Yet Carr says Correa — a Catholic academic economist who spent four years living in the US — shouldn’t be stereotyped as a despot. ”The notion that he’s hell-bent on destroying press freedom is not supported by the evidence,” said Carr. ”If you were ranking the press from 0-10 on a basis from tolerance to repression, you’d probably put Ecuador at about a three or four.”
Not surprisingly, Hoy and El Universo — two major papers that have been sued by Correa — have been less than glowing in their reporting of the overnight drama.
In the papers, there is patriotic anger at the UK’s apparent threat to storm the embassy, a feeling of being put upon by western superpowers, and some sympathy for Assange.
But this is tempered with caution about the risks to Ecuador of taking on Assange’s cause, combined with a healthy dose of scepticism about why Correa has gone in to fight for “al hacker australiano Julian Assange”. Australia comes in for a little criticism for failing to help Assange, although the main targets in the media’s sights are the UK and the US. Commenters on stories have raised the sensitive topic of “las Malvinas” — the Falklands — and there is plenty of chatter under the Spanish-language Twitter hashtag #AsiloAssange.
Here’s how the daily newspaper Hoy has greeted the president’s decision to grant asylum to Assange — “a hot potato”:
“It’s a delicate decision that has to be taken with the greatest responsibility and without affecting the interests of the country. It’s a hot potato for the president who showed his sympathy for Assange with curiously welcoming him to ‘the club of the persecuted’ to close the TV interview with with the famous hacker.”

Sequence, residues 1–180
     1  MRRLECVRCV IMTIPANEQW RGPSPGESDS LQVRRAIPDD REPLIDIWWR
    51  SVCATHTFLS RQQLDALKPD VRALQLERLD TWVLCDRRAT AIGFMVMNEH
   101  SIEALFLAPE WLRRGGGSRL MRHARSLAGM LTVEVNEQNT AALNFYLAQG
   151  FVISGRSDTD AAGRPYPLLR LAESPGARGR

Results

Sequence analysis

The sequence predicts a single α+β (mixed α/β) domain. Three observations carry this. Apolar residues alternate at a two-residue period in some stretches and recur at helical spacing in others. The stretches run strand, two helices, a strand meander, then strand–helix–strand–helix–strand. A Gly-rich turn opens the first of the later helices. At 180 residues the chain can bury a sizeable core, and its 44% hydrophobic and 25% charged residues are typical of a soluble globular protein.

The piece also questions the evidence that Assange needs asylum: ”The difficulty is to demonstrate the objective relationship between the process for alleged s-xual abuse and the eventuality of an extradition and trial for criminal charges that have not yet been clarified by the US.” It concludes that Assange might be in the embassy for a long time.But in another piece, a more bolshie Hoy canvasses possible embassy escape routes:
” … Assange is protected from arrest if travelling in a diplomatic car, but the embassy is on the first level of a building that is guarded by police day and night. The building is located behind the department shop Harrods, and houses the Colombian embassy and private apartments. A police car is outside the main entrance. The property has various entrances and a private car park, but the Ecuadorean embassy is not connected internally with any of them, making the main door the only exit point.”
Hoy writes that Ecuador is rallying other South American states to help Assange leave the UK, with Argentina, Bolivia, Uruguay and Paraguay accepting. The piece quotes the Ecuadorean government saying that Assange “que tampoco cuenta con el auxilio de su pais de origen, Australia” (“cannot count on the support of his country of origin, Australia”).
An analysis in El Universio asks: “Con el asilo a Assange, ¿qué gana o pierde Ecuador?” (“with the Assange asylum issue, what does Ecuador win or lose?”). It points to the risks of defending Assange, noting that relations with Europe and Australia are jeopardised. ”The decision to grant asylum to Assange has profound diplomatic implications and could affect relations with countries like the UK, Sweden and the US,” the piece says. A commentator is quoted: ”I don’t see a single positive outcome for Ecuador in conceding asylum to Senor Assange”.
But the piece does outline some positives, noting that the decision will be well-viewed by left-leaning South American states. It finishes with a swipe at President Correa:
“Critics point out that Assange, considered as a defender of the freedom of information, is seeking asylum in a country where the government does not grant interviews with major national news outlets and which has has sued journalists, editors and newspaper owners for ‘defamation’ against them.”